I've actually never had a dog in my life as my own pet, but would you have AKC papers or anything in case anyone scrutinizes over it? If not then your veterinarian to back you up?



Staffordshire Bull Terrier are pit bulls and don't let anyone kid you that they are not. Just as Parson Terriors used to be Jack Russel Terriers.

My suggestion is a Golden Retriever or a Lab. My advice would be to get an older one through rescue too. Sounds as if you have a great family and a rescue dog could really use a break and a good family. Explain to the Rescue agencies that you have high needs kids and have them pre select a dog right for your family.

Do a web search for the breed your most interested in ie Golden Retriever Rescue etc.

Best of luck!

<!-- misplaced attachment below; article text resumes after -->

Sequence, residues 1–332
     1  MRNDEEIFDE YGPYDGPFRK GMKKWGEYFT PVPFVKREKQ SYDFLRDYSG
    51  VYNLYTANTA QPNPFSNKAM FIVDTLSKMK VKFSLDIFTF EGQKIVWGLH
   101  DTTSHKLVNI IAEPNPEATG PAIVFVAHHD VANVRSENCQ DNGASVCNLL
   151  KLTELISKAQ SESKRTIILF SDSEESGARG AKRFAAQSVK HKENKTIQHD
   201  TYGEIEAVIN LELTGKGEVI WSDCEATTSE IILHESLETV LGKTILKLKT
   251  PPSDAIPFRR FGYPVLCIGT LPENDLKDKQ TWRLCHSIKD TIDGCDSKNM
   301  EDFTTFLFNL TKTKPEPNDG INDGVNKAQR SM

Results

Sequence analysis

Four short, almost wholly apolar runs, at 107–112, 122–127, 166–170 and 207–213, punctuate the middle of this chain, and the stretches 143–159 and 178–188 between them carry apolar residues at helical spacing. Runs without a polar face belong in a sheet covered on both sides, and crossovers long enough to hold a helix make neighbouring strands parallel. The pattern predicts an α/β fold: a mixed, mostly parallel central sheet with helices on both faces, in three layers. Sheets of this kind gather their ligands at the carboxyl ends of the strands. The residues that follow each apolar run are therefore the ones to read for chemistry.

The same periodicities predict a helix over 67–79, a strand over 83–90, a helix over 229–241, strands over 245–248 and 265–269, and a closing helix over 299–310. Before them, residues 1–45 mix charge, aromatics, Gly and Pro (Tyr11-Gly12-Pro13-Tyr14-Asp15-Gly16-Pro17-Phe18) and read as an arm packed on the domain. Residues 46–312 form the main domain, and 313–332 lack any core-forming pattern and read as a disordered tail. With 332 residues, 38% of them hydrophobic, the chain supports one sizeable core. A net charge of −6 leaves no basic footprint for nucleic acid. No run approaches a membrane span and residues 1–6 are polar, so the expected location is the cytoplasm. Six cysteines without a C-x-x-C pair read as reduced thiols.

Link Posted: 1/28/2006 9:56:51 PM EDT

Originally Posted By so2315:
BOXER!!!



YUP! Super friendly! Just be prepared to get slobbered all the time!
Link Posted: 1/28/2006 10:00:02 PM EDT

Originally Posted By pattymcn:

Originally Posted By jcp84:

Originally Posted By Ekie:
My concern about the Staffordshire Bull Terrier, is that it could possibly be confused with a young Pit Bull.

This is the breed that Mr. Ekie is most interested in. But, I have some reservations.

I do not want neighbors to be concerned about us having a Pit Bull. All the pics I have seen of the Staffordshire, resemble a Pit Bull.

When they are full grown do they resemble the Pit Bull or are they sweet? I don't want to alarm our neighbors....We probably already alarm them in that we homeschool and are very conservative. LOL!!

Mrs. Ekie




I've actually never had a dog in my life as my own pet, but would you have AKC papers or anything in case anyone scrutinizes over it? If not then your veterinarian to back you up?



Staffordshire Bull Terrier are pit bulls and don't let anyone kid you that they are not. Just as Parson Terriors used to be Jack Russel Terriers.